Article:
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True Colours: Can you ever forget your first love?
True Colours: Can you ever forget your first love?
Price: 1.53

5.0 out of 5 stars Wonderfully engaging and enjoyable, 2 July 2014
I enjoy reading Contemporary Romance, but what I particularly love about 'True Colours' is the intricate mix of romance and intrigue. The intensity of love and passion between Alexandra Ryan and Sebastian Wingfield is evident from the first few chapters and it builds up as the story progresses. Their deep-rooted, undeniable love is at times almost tangible from the the painting hanging above Sebastian's bed to the little things, like the fact that he can still remember after sixteen years how 'the rain still made her hair go nuts'. Alex is a strong, intelligent, professional woman and a stark contrast to Caroline, Sebastian's fiancee, who is superficial, selfish and arrogant. Initially, I wondered why an earth Sebastian had proposed to such an unlikeable woman, but this adds to the authenticity and fallibility of the characters: it is reflective of life – people make mistakes and learn from their mistakes. And as for intrigue – there are so many threads woven into the story that kept me hooked: Why did Alex leave sixteen years ago? How did her father get injured and end up in hospital? Why does Peter hate Sebastian so much and want to bring him down? Who is Peter really and what will be the outcome of his plotting and planning? There were many twists and turns in the story that kept me guessing right until the end.


Dying Phoenix
Dying Phoenix
Price: 2.53

1 of 1 people found the following review helpful
5.0 out of 5 stars Intriguing and captivating read, 2 Jun 2014
This review is from: Dying Phoenix (Kindle Edition)
Dying Phoenix is the first book I've read by Loretta Proctor and is the sequel to The Long Shadow, but the book stands alone in its own right; I have found Loretta Proctor's writing so gripping that I have now bought The Long Shadow too.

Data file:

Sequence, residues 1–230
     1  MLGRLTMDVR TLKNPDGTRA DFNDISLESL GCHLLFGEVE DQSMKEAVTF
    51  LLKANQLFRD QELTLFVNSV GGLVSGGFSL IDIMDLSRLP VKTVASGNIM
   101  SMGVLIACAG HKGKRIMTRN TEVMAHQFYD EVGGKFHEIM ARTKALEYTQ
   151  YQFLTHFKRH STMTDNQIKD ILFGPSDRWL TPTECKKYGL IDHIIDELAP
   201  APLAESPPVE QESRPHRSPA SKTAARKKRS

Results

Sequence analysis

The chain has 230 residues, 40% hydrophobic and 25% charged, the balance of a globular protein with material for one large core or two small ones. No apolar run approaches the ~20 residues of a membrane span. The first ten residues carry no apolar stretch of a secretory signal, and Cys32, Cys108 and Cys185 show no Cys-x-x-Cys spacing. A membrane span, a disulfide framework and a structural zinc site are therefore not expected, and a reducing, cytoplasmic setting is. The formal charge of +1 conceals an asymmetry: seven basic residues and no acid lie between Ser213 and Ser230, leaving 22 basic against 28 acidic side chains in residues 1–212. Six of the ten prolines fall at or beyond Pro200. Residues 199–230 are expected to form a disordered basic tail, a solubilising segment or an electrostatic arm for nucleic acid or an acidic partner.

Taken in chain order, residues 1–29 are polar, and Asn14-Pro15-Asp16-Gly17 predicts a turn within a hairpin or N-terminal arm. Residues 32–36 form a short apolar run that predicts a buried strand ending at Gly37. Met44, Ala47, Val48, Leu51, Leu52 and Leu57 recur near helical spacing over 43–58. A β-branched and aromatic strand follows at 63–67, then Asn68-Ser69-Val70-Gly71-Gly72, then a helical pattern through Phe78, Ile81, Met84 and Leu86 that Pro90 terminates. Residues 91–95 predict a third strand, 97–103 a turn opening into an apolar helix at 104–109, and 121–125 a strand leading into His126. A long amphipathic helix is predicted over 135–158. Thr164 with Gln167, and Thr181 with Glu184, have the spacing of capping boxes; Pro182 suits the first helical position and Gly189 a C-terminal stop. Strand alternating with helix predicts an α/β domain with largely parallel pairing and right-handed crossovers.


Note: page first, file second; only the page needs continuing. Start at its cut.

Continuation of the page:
The story is initially set in Greece, but it moves to England too and it is this contrast between the English and Greek cultures that lends the story a unique perspective, reflecting the author's Anglo-Greek heritage. Dying Phoenix is set in 1966/67, a time of political and constitutional unrest in Greece, culminating in the Military Coup in April 1967; a time in Greece's history that I have little knowledge of but was keen to learn more about.
The story follows Max Hammett, an Englishman and his estranged wife, Nina Cassimitis. Max attends The Trade Fair in Thessaloniki and I particularly like the contrast between Max's observation of Greece and the Greeks, and the colourful friends he visits, such as Dimitri and Basil. Dimitri proves to be a loyal friend to Max and one I warm to as the story progresses. Loretta Proctor is extremely skilled in developing not only the story-line with its intriguing twists and turns, but its characters too. There are few authors I have come across who can develop so many characters with such strong characterisation; the characters are key in giving the reader an insight into the myriad of views of Greeks at the time. Max's friend Basil holds very different opinions about the riots to Dimitri and then there is George Praxiteles, Nina's friend.
Nina is a journalist and an admirable, spirited, brave character who drives the story to greater heights. She goes to Athens to be in the thick of things and the reader is drawn to the heart of events in the early hours of 21st April 1967 amongst the tanks and armed soldiers. The darker side of human nature is also explored, such as crimes of murder, rape and torture. Max and Nina face many challenges as their love, loyalty and commitments are tested.
Dying Phoenix has so many different layers for the reader to explore and it has left me eager to read more books by Loretta Proctor.


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